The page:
Donut is a great Slack extension that randomly pairs people from different teams. They’re then encouraged to chat about their lives and get to know each other better.

12. Provide and collect regular feedback

Critical feedback should be delivered face to face as much as possible. This way you can also see all the non-verbal cues, which are not visible via chat or email. A good rule of thumb is that if a chat escalates or is taking too long, it might be worth doing a video call instead. Trusting the team and assuming miscommunication (not bad intentions) are good principles to live by.

Collecting anonymous feedback is a great way to measure team happiness and also to see what may be improved across the board.

13. Do one on ones

Leading your team in a remote culture requires a lot of pro-activity. Since impromptu conversations are less likely to happen, it’s important to schedule regular one on ones with the team. You should try not to turn one on ones into status updates though. Having a shared online agenda can help with keeping the conversations on track. Creating a list of actionable items at the end can help follow through with the points discussed.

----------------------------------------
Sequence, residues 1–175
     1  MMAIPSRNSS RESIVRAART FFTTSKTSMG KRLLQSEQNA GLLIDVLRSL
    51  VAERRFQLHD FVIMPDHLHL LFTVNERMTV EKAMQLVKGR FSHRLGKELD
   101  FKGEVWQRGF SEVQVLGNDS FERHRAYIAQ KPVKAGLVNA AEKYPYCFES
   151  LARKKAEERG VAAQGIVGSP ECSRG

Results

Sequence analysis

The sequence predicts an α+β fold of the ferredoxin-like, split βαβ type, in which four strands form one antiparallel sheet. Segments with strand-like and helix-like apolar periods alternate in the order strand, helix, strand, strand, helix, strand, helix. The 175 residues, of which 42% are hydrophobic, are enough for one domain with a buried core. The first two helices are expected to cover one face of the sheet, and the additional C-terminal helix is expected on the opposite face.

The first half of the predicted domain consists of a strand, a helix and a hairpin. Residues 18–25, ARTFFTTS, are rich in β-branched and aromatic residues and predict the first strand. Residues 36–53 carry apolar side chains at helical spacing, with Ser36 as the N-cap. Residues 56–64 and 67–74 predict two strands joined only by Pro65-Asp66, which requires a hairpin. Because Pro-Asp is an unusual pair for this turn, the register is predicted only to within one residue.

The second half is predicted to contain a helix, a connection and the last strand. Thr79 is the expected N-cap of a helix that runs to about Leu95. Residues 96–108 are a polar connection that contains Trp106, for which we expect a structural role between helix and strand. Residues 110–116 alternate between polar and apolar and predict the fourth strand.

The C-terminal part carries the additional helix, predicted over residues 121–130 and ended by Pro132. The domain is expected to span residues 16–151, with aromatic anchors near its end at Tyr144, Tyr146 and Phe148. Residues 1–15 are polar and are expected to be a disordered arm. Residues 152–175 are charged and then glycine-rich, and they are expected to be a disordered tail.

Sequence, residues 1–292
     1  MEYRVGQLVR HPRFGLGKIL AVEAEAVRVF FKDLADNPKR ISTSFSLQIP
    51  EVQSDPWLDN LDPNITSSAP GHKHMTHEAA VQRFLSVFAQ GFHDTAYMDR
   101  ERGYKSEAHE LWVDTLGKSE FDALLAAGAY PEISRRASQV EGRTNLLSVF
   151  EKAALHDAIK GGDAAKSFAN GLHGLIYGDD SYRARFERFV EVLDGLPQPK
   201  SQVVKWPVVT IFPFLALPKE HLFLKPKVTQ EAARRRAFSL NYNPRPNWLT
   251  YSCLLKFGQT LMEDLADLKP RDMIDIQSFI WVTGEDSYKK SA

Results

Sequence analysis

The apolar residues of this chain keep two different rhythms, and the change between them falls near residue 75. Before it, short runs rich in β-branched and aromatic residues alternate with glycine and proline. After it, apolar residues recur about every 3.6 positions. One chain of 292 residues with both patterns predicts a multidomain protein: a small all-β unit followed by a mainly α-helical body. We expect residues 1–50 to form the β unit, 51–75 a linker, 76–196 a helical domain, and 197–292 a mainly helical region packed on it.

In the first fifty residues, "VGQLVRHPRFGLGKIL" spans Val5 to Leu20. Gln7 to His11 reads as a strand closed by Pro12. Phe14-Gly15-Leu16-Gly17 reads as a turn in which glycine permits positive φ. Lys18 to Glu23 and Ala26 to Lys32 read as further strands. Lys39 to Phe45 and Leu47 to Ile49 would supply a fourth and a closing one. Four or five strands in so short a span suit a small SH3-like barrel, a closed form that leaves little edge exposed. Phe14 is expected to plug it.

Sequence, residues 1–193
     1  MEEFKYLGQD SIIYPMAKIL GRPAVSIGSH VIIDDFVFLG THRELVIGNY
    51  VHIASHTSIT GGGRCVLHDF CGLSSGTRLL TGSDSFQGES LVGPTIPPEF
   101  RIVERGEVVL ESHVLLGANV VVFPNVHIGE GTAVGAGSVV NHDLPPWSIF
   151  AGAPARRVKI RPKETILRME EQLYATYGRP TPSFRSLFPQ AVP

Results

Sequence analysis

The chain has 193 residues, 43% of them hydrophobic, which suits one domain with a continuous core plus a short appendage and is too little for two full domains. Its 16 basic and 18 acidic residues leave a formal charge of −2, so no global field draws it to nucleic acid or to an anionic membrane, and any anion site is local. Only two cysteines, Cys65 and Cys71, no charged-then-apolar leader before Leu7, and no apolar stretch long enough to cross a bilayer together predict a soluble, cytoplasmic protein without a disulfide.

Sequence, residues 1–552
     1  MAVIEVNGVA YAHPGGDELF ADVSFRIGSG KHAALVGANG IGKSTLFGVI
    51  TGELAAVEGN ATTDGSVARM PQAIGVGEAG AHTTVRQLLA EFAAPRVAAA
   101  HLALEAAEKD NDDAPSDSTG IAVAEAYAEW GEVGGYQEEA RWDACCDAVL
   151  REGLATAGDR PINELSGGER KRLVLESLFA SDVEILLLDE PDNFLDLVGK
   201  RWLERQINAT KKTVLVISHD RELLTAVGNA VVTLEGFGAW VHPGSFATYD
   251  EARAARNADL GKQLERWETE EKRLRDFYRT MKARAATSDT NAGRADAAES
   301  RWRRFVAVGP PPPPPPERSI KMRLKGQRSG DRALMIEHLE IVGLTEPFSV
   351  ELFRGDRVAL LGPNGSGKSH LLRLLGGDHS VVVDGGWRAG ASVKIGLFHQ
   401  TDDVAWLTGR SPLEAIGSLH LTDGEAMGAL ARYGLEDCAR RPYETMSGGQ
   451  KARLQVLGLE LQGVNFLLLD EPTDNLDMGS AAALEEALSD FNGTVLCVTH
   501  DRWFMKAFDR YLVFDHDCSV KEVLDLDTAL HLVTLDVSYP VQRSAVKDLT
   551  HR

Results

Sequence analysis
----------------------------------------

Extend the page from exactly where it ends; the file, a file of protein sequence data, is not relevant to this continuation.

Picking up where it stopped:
14. Measure employee performance

In a remote setting, employees may spend much of their time wondering whether they’re actually doing a good job, particularly if they worked in a traditional setting before. Productivity can’t be measured in the number of hours spent in the office, so it’s important to focus on setting objectives and measuring output. Metrics, coupled with the team’s feedback and one on ones should provide the context for measuring and improving performance.

15. Invest in the mental well-being of your team